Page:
Hackers Stole My Data: Should I Pay the Ransom?

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Hackers Stole My Data: Should I Pay the Ransom?

Ransomware attacks are surging around the globe at a mind-blowing pace. In the 2022 Cyber Threat Report by SonicWall, ransomware attacks on governmental institutions worldwide increased by about 1885% in 2021. The healthcare industry alone witnessed an increase of 755%. According to a report by Cybersecurity Ventures, the total loss incurred globally was around $20 billion in 2021. According to the same report, the loss is now projected to cross $265 billion by the year 2031.

These statistics show that ransomware attacks are imminent for most companies regardless of size; it’s just a matter of when. So, in this surge, everyone wants to know if they need to pay for ransomware or not.

 

Do We Need to Pay for Ransomware Attacks?

The facts legitimize the debate over whether the ransom should be paid once the illegal encryption has compromised your important data. The answer is not an easy one; it is a double-edged sword. The theory and practice differ in answer to the question of payment of the ransom.

You need to know both sides of the coin before you conclude.

 

Reasons in Favor of Paying the Ransom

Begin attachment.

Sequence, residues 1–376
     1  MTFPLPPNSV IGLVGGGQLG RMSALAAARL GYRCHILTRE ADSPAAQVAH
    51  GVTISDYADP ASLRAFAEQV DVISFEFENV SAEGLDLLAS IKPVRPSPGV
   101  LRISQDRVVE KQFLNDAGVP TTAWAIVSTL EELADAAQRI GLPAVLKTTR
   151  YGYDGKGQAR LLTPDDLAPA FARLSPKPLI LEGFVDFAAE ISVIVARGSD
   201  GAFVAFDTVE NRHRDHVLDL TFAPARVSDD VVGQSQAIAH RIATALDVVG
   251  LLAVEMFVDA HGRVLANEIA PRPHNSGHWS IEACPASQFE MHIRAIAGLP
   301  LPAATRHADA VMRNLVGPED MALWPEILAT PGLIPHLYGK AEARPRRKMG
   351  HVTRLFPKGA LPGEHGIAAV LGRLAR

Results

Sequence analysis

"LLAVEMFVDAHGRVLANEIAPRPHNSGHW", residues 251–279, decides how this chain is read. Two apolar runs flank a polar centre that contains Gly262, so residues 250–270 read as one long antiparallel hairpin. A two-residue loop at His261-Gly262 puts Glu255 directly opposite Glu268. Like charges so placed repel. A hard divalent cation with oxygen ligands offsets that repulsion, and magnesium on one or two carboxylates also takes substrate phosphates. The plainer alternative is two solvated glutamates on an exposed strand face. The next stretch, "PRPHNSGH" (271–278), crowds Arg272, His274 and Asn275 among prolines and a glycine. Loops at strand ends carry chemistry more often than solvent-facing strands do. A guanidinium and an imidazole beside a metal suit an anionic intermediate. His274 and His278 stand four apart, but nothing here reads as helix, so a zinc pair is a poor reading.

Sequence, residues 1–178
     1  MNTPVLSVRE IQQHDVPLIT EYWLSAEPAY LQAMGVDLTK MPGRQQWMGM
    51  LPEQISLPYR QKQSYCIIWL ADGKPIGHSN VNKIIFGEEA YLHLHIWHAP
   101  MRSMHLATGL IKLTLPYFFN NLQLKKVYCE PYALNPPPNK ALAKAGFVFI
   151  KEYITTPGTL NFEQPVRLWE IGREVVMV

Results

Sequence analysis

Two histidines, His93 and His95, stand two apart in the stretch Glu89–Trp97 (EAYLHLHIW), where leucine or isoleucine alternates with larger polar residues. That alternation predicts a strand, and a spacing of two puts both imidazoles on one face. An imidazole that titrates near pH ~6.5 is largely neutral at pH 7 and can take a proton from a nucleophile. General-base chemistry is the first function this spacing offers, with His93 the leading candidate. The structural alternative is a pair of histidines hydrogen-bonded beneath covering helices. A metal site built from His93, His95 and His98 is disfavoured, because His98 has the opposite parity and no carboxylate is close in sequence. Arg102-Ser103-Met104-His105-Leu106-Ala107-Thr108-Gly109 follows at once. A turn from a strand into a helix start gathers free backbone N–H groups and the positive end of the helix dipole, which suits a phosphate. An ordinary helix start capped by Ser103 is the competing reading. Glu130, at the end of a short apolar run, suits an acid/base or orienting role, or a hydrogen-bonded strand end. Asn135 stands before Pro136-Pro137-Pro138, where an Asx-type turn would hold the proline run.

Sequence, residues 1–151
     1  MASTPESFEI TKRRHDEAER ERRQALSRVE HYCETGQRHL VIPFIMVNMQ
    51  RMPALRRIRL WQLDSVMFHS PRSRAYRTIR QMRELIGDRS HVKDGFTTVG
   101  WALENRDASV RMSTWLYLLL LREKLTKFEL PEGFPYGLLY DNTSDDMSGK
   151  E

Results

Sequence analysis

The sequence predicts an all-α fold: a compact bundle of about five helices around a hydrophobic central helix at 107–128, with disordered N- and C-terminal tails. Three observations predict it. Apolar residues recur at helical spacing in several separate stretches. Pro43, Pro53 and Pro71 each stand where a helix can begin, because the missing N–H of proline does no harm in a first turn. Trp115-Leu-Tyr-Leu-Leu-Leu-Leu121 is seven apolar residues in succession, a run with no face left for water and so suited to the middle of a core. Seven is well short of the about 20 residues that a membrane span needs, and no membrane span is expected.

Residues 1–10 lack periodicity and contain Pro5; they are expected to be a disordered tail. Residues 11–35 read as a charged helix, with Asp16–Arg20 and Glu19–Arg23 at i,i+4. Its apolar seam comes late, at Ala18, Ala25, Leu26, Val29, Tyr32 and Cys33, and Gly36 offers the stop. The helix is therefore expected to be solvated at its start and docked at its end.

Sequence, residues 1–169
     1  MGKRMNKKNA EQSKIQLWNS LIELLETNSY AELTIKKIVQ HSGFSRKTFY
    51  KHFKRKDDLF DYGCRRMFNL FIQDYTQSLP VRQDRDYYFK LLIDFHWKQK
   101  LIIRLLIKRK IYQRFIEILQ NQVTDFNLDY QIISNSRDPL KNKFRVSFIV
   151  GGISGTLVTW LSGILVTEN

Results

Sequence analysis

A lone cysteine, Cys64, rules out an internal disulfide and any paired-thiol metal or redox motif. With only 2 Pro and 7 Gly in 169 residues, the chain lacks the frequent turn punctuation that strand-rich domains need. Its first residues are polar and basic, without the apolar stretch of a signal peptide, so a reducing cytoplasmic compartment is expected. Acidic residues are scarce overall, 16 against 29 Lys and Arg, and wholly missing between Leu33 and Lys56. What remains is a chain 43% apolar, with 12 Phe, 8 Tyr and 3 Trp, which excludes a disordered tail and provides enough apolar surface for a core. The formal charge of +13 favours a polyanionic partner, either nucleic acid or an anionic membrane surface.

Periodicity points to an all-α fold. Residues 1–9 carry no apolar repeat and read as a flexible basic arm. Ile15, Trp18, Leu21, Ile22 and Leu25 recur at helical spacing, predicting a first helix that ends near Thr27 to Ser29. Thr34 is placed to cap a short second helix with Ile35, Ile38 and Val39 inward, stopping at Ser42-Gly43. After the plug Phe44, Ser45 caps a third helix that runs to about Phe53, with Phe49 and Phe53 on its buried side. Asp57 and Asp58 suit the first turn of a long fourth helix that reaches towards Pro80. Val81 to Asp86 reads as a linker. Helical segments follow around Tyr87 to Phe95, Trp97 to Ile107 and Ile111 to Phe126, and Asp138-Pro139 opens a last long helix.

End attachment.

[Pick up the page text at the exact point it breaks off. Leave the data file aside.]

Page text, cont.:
Most of the time, the companies who fall victim to a ransomware attack choose to pay the ransom. One might feel that they should have made a better choice, but given their considerations, it is never clearly an irrational decision. The affected organizations opt to pay the ransom because of one of the following reasons:

  • To Reduce the Recovery Time

The companies have to consider the time. The time required to recover the encrypted data may exceed the limit which companies can withstand. The service delivery firms may find themselves in an extraordinary situation in this regard. They may lose revenue and clients swiftly, and prolonging the recovery may be unbearable in terms of the cost incurred. Consequently, the companies decide to pay the ransom in hopes of recovering the data quickly and easily.

  • To Save Their Reputation

The companies fear that hackers may publicize the news of their victimhood if they don’t act fast and pay the ransom. The name and reputation built over decades may go down the drain with a click. Resultantly, the companies choose to pay the amount instead of jeopardizing their reputation.

  • To Avoid Huge Recovery Costs

The companies are business enterprises, after all. Rational actors make cost and benefit analyses before making crucial decisions. If they feel that the cost to recover the data might not be rationalized in terms of the ransom amount, they decide to pay the ransom instead.

  • To Protect the Information of the Clients and the Employees